In 2003, Nespresso paired up with the Rainforest Alliance to create its AAA Sustainable Quality™ Program, with the goal of improving the sustainability of its coffee without diminishing the quality or flavor. Now, while environmental concerns play a large role in these efforts, Nespresso's AAA program also takes a holistic approach in that the company is heavily invested in improving the socio-economic stability of the farmers it sources from.

In fact, over 90% of Nespresso's coffee is sourced from its AAA program as of July 2024. While the AAA program is still going strong, new environmental factors and climate change concerns have prompted Nespresso to take another step in its journey by focusing on regenerative agriculture, as well. To put it simply, regenerative agriculture is a collaborative attempt to counteract climate change and increase the long-term viability of coffee farming practices as well as the livelihood of coffee farmers.

Since regenerative agriculture can be a complicated process — with each region requiring different regenerative practices — Nespresso and the Rainforest Alliance created a Regenerative Coffee Scorecard. This allows farmers to easily identify specific steps they can take to incorporate regenerative agriculture practices on their properties.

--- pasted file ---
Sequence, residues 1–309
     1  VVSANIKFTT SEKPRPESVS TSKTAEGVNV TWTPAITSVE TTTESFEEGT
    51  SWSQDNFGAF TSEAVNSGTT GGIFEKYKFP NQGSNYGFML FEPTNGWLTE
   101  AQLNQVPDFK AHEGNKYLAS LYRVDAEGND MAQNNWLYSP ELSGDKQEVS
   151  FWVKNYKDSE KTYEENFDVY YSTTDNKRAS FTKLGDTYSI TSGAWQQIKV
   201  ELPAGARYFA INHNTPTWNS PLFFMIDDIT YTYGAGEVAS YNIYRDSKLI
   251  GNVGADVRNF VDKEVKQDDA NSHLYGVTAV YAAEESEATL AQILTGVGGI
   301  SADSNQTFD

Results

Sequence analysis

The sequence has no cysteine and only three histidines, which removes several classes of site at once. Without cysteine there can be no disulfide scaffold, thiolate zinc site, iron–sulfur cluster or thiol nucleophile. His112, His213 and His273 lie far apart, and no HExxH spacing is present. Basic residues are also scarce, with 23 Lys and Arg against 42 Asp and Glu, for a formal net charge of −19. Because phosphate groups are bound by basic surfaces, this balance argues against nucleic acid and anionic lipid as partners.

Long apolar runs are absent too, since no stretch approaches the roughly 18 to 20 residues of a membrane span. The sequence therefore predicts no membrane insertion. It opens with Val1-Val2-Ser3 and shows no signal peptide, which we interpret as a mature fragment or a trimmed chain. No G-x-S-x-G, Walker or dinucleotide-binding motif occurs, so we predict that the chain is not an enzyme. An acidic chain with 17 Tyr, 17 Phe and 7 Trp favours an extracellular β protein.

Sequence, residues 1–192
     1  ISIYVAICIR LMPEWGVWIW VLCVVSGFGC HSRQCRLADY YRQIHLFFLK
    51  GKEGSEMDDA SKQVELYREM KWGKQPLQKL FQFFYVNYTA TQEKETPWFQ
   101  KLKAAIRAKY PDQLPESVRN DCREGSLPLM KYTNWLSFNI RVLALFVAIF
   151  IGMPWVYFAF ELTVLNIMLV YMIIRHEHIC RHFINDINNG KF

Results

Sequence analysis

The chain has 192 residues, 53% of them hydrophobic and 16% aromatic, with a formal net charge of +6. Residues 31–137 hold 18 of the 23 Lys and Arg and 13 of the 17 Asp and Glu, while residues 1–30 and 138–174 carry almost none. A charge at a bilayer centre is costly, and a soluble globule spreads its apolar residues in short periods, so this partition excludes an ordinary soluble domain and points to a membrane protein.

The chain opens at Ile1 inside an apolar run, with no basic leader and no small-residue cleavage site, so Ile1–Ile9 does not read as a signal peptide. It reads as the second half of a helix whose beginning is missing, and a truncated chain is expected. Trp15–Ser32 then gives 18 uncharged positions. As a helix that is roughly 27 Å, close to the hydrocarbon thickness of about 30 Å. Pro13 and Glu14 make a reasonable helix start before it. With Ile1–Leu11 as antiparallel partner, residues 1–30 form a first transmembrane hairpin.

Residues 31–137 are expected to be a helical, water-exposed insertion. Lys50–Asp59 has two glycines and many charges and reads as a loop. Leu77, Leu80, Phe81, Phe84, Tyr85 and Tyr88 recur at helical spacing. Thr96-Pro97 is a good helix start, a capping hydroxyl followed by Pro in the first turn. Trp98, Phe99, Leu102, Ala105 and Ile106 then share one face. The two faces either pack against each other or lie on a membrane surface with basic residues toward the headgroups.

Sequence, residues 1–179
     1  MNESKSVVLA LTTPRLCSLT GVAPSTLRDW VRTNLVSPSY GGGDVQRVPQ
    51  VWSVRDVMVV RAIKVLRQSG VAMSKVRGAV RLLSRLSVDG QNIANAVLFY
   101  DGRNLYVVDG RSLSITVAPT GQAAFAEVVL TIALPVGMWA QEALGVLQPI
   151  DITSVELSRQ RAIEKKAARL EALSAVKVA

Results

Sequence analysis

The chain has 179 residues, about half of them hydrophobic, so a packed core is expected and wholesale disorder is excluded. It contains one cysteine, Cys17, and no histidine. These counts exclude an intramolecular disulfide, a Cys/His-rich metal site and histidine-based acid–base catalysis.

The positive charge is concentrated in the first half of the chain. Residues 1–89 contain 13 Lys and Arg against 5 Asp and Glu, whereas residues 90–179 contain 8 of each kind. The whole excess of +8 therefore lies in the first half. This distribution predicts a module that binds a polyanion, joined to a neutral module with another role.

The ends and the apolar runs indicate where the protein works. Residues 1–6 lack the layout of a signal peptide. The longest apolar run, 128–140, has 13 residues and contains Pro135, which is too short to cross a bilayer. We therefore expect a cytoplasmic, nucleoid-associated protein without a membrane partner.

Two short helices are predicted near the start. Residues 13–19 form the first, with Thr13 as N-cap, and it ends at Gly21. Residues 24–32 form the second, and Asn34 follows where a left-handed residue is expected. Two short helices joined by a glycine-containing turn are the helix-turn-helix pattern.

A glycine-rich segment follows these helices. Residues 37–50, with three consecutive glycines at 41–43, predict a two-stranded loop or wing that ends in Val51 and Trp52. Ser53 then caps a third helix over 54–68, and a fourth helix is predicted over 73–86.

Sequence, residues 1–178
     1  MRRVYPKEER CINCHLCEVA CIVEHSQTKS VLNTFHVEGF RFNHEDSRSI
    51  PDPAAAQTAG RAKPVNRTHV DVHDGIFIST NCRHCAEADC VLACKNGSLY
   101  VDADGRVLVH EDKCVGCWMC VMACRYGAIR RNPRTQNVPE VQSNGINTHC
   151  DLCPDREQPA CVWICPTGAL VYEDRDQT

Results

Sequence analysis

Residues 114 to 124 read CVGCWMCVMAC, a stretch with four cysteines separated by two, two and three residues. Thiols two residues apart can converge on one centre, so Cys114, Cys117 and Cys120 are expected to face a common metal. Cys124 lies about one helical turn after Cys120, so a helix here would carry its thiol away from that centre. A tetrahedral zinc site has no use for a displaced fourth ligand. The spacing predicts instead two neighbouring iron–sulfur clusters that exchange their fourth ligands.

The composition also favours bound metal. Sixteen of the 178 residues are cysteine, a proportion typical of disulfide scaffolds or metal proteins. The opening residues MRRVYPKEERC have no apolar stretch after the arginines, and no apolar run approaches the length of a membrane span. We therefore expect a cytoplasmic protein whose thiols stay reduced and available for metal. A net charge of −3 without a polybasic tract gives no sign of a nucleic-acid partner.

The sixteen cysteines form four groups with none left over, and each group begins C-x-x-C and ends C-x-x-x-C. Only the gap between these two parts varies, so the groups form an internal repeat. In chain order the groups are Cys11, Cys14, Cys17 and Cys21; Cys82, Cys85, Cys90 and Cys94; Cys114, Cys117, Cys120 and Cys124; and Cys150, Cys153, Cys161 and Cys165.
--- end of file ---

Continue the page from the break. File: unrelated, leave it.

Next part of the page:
Nespresso is B Corp Certified

A B Corp certification is one of the most notable designations a company can receive. In order to receive this certification, a company must meet a number of environmentally and socially focused criteria, and any company that obtains the certification is reevaluated every three years to ensure it still adheres to the required standards. Nespresso is one of those companies, and it has a B Corp rating of 84 as of July 2024.

Of course, Nespresso is always trying to increase that score. The company has joined B Corp's mission by implementing several systems that hold it accountable as it fosters positive environmental and societal change. Perhaps the most prominent way Nespresso has demonstrated its commitment to the B Corp mission is by creating the aforementioned AAA Sustainable Quality Program.

Beyond its AAA program (and the regenerative agriculture practices it's implementing), Nespresso also has a Sustainability Advisory Board. It's partnered with other companies to plant over five million trees, and it's currently working toward the lofty goal of making all cups of coffee carbon neutral by 2050.